New York City Council votes to limit number of Uber, Lyft vehicles

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In emails to almost 5 million New Yorkers last month, Uber said riders would face higher prices, longer wait times and less service in the city's outer suburbs by drivers. They say the growth of ride-hailing apps has also worsened traffic congestion. "We take the Speaker at his word that the pause is not meant to reduce service for New Yorkers and we trust that he will hold the TLC accountable, ensuring that no New Yorker is left stranded", the company said in a statement.

'More than 65,000 working families will be getting a desperately needed raise because of today's vote, ' said Jim Conigliaro Jr., the founder of the Independent Drivers Guild, which represents drivers for Uber and other services.

However, lawmakers hope the limitations will help reduce congestion and protect taxi drivers who have seen a steep decline in income. No new licenses will be issued for a full year as the city studies the issue further; legislation also allows the city to set a minimum pay rate for drivers, who, as legal contractors, are not subject to federal or state minimum wages. He attempted to pass a cap in 2015 but faced intense opposition from Uber at the time.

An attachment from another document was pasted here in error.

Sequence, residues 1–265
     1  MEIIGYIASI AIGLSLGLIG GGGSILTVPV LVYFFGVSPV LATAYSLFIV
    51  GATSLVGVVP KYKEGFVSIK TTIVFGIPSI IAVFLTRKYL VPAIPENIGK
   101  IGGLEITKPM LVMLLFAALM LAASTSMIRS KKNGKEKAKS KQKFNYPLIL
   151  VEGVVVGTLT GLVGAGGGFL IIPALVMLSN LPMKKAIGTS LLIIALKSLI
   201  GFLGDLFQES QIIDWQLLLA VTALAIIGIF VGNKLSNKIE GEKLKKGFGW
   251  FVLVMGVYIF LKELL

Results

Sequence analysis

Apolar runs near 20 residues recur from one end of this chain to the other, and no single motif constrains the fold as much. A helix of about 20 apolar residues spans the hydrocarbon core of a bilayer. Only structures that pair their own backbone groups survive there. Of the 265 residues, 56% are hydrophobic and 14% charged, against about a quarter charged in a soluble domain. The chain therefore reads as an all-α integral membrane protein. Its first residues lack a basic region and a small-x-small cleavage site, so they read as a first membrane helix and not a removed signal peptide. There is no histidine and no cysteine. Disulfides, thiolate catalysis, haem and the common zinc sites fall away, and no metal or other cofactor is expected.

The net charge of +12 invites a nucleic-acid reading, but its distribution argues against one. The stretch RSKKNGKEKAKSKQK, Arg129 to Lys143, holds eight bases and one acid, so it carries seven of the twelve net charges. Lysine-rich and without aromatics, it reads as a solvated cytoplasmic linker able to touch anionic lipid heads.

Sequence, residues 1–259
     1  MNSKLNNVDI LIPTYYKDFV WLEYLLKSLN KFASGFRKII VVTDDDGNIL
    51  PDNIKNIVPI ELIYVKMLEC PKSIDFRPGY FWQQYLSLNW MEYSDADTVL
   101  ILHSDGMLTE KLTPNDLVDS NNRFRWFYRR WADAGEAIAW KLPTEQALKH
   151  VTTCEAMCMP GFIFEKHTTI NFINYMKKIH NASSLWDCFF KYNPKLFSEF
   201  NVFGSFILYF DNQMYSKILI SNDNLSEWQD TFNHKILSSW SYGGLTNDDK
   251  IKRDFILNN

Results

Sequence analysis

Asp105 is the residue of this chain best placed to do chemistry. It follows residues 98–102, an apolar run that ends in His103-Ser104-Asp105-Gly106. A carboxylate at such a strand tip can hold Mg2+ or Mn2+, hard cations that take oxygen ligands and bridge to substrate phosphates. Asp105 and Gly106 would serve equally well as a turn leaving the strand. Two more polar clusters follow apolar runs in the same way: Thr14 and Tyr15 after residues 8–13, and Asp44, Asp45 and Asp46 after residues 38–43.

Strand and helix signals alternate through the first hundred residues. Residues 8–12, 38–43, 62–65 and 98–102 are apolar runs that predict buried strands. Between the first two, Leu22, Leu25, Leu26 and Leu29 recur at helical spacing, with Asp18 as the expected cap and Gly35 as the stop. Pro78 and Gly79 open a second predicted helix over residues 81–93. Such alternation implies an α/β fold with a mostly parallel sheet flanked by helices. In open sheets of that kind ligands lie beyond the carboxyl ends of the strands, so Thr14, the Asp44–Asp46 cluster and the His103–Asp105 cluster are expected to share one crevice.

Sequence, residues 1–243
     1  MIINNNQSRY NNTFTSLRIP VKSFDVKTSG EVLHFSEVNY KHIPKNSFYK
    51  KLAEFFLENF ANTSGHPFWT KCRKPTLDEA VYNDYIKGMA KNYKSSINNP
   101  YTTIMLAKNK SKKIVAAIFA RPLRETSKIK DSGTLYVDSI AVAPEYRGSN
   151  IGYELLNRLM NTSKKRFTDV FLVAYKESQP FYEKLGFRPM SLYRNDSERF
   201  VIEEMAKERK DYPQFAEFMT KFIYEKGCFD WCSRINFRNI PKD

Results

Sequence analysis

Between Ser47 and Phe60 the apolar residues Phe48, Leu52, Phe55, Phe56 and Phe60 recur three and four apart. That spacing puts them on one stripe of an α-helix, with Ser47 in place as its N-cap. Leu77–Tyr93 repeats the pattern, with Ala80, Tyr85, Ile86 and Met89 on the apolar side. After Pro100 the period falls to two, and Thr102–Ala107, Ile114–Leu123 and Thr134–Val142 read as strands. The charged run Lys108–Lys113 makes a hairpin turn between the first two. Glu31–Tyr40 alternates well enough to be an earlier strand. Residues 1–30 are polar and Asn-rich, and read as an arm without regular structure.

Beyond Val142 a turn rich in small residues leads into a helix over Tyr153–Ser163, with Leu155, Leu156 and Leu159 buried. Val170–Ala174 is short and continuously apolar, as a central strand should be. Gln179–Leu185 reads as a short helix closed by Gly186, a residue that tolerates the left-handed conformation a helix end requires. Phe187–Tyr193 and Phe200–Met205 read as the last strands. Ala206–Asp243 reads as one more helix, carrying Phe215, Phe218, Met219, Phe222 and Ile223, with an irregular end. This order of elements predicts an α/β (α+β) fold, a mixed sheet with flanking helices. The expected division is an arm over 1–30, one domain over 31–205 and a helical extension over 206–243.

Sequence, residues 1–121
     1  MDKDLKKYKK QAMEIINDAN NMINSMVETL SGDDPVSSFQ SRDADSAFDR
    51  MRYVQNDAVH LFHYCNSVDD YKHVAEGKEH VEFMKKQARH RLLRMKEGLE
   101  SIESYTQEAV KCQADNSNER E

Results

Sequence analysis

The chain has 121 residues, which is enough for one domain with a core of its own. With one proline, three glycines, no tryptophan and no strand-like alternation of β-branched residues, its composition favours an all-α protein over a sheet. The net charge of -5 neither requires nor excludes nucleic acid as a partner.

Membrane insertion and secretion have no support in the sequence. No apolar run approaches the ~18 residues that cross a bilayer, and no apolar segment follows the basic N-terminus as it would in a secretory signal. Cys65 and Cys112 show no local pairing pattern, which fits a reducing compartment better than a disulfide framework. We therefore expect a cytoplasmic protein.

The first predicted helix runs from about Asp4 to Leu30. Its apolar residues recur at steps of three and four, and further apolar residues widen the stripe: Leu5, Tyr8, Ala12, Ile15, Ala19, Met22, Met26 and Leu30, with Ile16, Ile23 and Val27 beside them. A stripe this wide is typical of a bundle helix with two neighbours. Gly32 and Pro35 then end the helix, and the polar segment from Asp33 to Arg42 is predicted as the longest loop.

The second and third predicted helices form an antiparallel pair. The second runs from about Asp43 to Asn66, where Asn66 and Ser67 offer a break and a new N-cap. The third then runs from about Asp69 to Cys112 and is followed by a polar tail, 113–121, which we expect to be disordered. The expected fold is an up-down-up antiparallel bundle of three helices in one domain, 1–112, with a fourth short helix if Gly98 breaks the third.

Uber spokeswoman Alix Anfang said the pause on new vehicle licenses 'will threaten one of the few reliable transportation options while doing nothing to fix the subways or ease congestion'.

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Prosecutors allege that trouble flared after Stokes and Hales caught up with Ali, Hale, O'Connor and Barry on a nearby street. Stokes said "matters had become too serious to ignore and that I had to intervene".

Debt and financial hardship have been blamed for the deaths of six taxi and car-service drivers in the previous year.

Right: The real point of this package of bills was simply to give something to Uber's opponents, especially in the struggling yellow-cab industry. Those wage concerns aren't limited to taxi drivers, though - in fact, the New York Times reports that almost 40 percent of the city's ride-hailing drivers qualify for Medicaid because their take-home wages are that low.

But Councilwoman Laurie Cumbo, a Democrat, said Uber will still be available despite the moratorium on new cars. That wouldn't bode well for Uber, which is considering going public next year.

Mayor Bill de Blasio released the following statement, saying he is prepared to sign the bill into law: "Our city is directly confronting a crisis that is driving working New Yorkers into poverty and our streets into gridlock".

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